BING versus Google: Will “Judy Consumer” get the difference?

We consumers seem to becoming just pawns in the power struggle between the two Internet born behemoths of Google and Microsoft. To Google, we are “products” to be sold to highest bidding advertiser and to Microsoft we have been reduced largely to a software license.  When I see the battle of these two corporate super powers play itself out on the grand stage, I am left feeling awed and also feeling rather puny too. 

 So when I read the plethora of opinions being spun by experts about whether BING is better than Google, I wonder what “Judy Consumer” thinks. I do suspect that no matter what the experts think, both views introduce largely technology benefits whose subtleties are probably largely lost on the vast majority of “Judy Consumers” in the real world who use this stuff.

 What the “Judy Consumers” of the world do know is the new BING advertising campaign which promises that BING is not a just search engine but a decision engine. I can imagine the agency/ client meetings assessing this positioning versus that. I can hear the focus group comments that came from the testing that no doubt went into the creation of this campaign. And I can certainly feel the excitement (maybe even a little tension) as the agency reported on the research results in support of the recommended campaign. Been there, done that.

 Clearly the BING campaign is meant to communicate that people will get to the relevant information they want faster than Google. But this almost a technical benefit (aka better filtering of search results) is lost in the grandiose nature of the BIG BING promise as a decision engine. Maybe I am just too independent minded (and not the primary target), but I can’t help resisting the notion that Microsoft technology will decide anything for me.  What I really want is technology to give me the information I need to make the decision I want. So the premise of a decision engine falls flat to my ears. But hey everyone’s a critic.

 So then I went to look at how does BING delivers in its decision making promise. I did the first search that came to mind – I searched my name. Ya’ know what? Google did much better and was more accurate than BING by far. In fact, I could compare results very efficiently via a site called bing-vs-google.com that David Pogue of the New York Times was kind enough to introduce me to in his recent article.  http://www.nytimes.com/2009/07/09/technology/personaltech/09pogue.html?ref=technology   

 I tried again thinking that I am not nearly important enough to have a depth of results to get an adequate idea of how BING works. So I decided to search the term “online trust”. The results were no more satisfying this time. True – BING does have a few nifty features like the related searches and the excerpt from the site without having to click around, but beyond that, TBH, I could see no perceptible difference.

 Maybe I am not looking hard enough and I certainly did not put it through its paces as David Pogue did for his NY Times article. Or just maybe the differences are too subtle for “Judy Consumer” to notice or for anyone to even care enough about to look for these extras.  And this is where BING is at a distinct disadvantage because inertia is one of the most powerful marketing forces on the planet. While that’s good news for Google, it’s bad news for BING because I suspect people will try BING for kicks, but drift back to their inertia induced Google search patterns.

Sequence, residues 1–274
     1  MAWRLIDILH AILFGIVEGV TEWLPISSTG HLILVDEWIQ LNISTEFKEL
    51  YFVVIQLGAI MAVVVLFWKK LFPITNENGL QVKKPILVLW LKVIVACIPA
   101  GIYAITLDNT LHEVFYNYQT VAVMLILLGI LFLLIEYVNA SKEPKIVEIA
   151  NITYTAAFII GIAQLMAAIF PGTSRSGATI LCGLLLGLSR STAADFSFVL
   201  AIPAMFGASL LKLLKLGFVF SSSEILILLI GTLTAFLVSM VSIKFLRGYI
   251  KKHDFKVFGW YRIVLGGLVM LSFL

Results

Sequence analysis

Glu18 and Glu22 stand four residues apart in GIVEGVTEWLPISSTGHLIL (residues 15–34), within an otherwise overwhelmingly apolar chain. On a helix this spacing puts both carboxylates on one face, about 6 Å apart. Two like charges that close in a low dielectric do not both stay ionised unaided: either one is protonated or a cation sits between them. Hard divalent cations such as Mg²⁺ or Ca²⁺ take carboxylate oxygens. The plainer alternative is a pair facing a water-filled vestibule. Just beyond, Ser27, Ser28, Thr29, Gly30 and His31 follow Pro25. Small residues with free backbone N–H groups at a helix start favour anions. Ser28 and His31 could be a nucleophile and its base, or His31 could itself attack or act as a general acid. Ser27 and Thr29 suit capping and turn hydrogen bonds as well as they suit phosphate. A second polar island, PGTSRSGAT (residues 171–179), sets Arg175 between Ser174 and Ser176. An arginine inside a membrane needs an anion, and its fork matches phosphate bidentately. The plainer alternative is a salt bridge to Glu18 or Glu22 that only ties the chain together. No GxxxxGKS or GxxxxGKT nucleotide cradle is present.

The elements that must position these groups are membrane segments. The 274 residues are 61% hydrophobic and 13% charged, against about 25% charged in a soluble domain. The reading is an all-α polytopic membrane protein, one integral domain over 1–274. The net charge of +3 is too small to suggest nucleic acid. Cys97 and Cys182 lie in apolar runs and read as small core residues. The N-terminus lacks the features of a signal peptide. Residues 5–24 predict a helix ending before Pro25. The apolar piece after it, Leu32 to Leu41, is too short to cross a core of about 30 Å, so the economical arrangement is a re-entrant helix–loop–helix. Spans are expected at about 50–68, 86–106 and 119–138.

So what will “Judy Consumer” really think? I don’t proclaim to know but I hope “Judy Consumer” makes up her own mind and not rely on either Microsoft or Google. Or the pundits either for that matter. They know too much.

Judy Shapiro (http://twitter.com/judyshapiro )

Who cares what Google says!

My son showed me a Google search result that was in contradiction to a fact that I knew to be true about the Great Depression (I am, by training, a history major).

 

So I looked closer at the source he was using to make his point and realized it was a not a reliable information source but rather an affiliate site from some financial services company.

 

“Honey”, I say with more patience. “Google simply shows you which pages have the words you looked for. It can not tell you which information to trust.”

 

And then out of the mouth babes came, “Then who cares what Google says”. Precisely.

 

Google’s power comes from its ability to gather information efficiently and serve it back to users based on a keyword driven algorithm technology platform. However, no matter how intelligent keyword search becomes, it can not provide the critical ingredient to make search reliable – it can not tell us when to trust the information we are being given.

 

That, is where, the line in the sand is drawn between the searches of today and the new way to search in the future. Between the power of Google today and upcoming power of whoever delivers trusted searches.

 

And I am betting that this “whoever” will be our digital social networks. I believe they will become the new Google of tomorrow (actually Googles…)

 

Look at this it this way. In the real world, much of what we need to know can best come from our personal and professional networks because it is, in fact, trusted. We go there first because it saves us a lot of time and fuss. We enlarge the information gathering process only if this does not provide us all we need.

 

Translate that concept to our digital social network world. I believe that we will be able to configure our social networks efficiently to be our first search circle moving out as the needs requires.

 

It makes sense. It’s what we do every day.

 

Watch out Google. Here we come.

 

Judy Shapiro

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